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Urban sustainability heroes share coveted Swedish environmental prize

Page history last edited by Rosemary 11 years, 11 months ago

 A prestigious prize often called the Nobel Prize in environment has been awarded this year to three people on three continents who have found new solutions to the enormous challenges involved in making the world’s rapidly growing cities and towns more sustainable.

The tenth Goteborg Award, one million Swedish crowns, was presented Nov. 26, 2009, to Dr. Anna Kajumulo Tibaijuka, Nairobi, Kenya; Enrique Peñalosa, Bogotá, Colombia; and Sören Hermansen, Samsö, Denmark.

“Rapidly growing cities and towns house half of the world’s population. They represent 75% of all energy consumption and generate 80% of greenhouse gas emissions,” said Jury Chairman Stefan Edman. “This means that the battle to create more sustainable cities and urban environments – environmentally and socially – is one of the most decisive factors facing the UN Climate Change Conference Copenhagen in December.” The three winners, he said, are “brilliant visionaries, strategists and system transformers.”

Dr. Tibaijuka is Under-Secretary-General of the United Nations and since 2000, has served as Executive Director of the UN-HABITAT, whose mandate is to promote socially and environmentally sustainable cities and towns. Based on the Millennium Declaration’s goal 2020 to lift 100 million slum inhabitants out of poverty, she is leading a successful global undertaking that includes water supplies and empowering women to improve their surroundings. As one of the initiators of Cities in Climate Change, she is also advancing the practical climate work being carried out in major cities.

“We continue to seek an end to homelessness, urban poverty, deprivation, social exclusion and suffering throughout the world. If we cannot secure the hyman habitat, we shall not be able to secure the environment,” she said in accepting the award.

Enrique Peñalosa, Mayor of Bogotá 1998-2001, successfully transformed Colombia’s capital – one of the planet’s most chaotic urban environments with its slums and smog – into a model of sustainable, democratic city planning. Enrique Peñalosa reformed mass transit, primarily through “TransMilenio”, a modern, efficient bus-based transit system. He also initiated construction of the world’s longest bicycle path system and further developed the popular ”ciclovia”, which shuts off vehicles from long stretches of roads every Sunday between 7 a.m. and 2 p.m.. Both projects are aimed at promoting pedestrian and bicycle traffic. Peñalosa now travels all over the world holding lectures on his visions and strategies on how to create good and liveable cities.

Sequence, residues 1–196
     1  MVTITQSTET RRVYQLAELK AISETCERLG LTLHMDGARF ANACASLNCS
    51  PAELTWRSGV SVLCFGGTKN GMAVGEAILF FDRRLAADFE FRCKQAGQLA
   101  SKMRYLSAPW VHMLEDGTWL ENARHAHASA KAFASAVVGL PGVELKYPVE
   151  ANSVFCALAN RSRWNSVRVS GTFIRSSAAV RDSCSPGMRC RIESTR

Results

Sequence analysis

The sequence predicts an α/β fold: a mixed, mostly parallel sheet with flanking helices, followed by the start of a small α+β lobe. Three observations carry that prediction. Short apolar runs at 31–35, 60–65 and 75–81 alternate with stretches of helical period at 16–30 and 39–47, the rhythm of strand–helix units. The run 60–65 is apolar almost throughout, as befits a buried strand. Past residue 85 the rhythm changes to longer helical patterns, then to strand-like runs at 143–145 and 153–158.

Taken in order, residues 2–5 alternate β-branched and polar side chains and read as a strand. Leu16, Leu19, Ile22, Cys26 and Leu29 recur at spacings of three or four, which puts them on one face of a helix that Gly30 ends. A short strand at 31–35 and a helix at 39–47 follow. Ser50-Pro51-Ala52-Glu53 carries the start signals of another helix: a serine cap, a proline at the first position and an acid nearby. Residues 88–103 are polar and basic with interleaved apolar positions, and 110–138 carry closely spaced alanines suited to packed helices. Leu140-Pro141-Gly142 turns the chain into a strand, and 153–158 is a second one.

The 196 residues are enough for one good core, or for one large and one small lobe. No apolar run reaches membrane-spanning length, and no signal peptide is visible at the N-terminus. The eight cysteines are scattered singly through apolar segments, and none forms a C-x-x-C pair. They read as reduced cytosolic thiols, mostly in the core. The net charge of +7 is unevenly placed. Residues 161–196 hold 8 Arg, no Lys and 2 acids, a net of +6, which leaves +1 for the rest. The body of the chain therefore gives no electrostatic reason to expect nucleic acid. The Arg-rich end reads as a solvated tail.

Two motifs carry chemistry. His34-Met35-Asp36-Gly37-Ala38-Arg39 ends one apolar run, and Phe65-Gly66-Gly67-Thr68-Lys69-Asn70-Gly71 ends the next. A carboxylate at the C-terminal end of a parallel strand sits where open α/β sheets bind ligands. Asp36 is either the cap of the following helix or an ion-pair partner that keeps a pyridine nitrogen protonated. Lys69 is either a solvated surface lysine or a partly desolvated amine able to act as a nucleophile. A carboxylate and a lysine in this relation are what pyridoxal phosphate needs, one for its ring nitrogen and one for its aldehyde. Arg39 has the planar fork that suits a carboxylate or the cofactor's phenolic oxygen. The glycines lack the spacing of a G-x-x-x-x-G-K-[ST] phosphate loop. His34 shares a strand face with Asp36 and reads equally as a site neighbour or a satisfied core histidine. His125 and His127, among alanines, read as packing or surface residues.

Mr. Peñalosa stressed the importance of cities that accommodate all their citizens, making all feel that they belong, so that, for example, “a person who cycles to work has as much right to get around safely as someone who drives a thirty-thousand dollar car”.
Sören Hermansen is the driving force behind the Samsö Project, in which Samsö, with its some 4,000 inhabitants, won the competition between Danish islands on which one would first become self-sufficient through renewable energy within ten years. The project has resulted so far in 11 land-based, and ten ocean-based, wind generators as well as a number of district heating power plants driven by burning hay or wood chips. Replacing fossil fuelled cars and tractors with biogas, raps oil and electric car technology is already in the pipeline. Named one of Time Magazine’s 2008 Heroes of the Environment, Hermansen is now spreading his ideas around the world.

Mr. Hermansen said it should always be remembered that climate change and the environment are not matters of science alone, but rather all about people, and that people in the world had to learn how to share better

The Award, founded by the City of Göteborg and several interested companies in 1999 to “stimulate further positive developments and recognize strategic work for national and international sustainable development”, is funded by the City together with the Second Swedish National Pension Fund, Carl Bennet AB, Elanders AB, Eldan Recycling, Folksam, Götaverken Miljö, Handelsbanken, Nordea, Peab, Schenker AB and SKF.

This story was prepared from the Goteborg Award press release on the awards, and from stories on the UN Habitat website. The photograph (top) of the awards ceremony, by Rolf Hallin, comes from the Goteborg Prize website, as do the photos of the three award winners.

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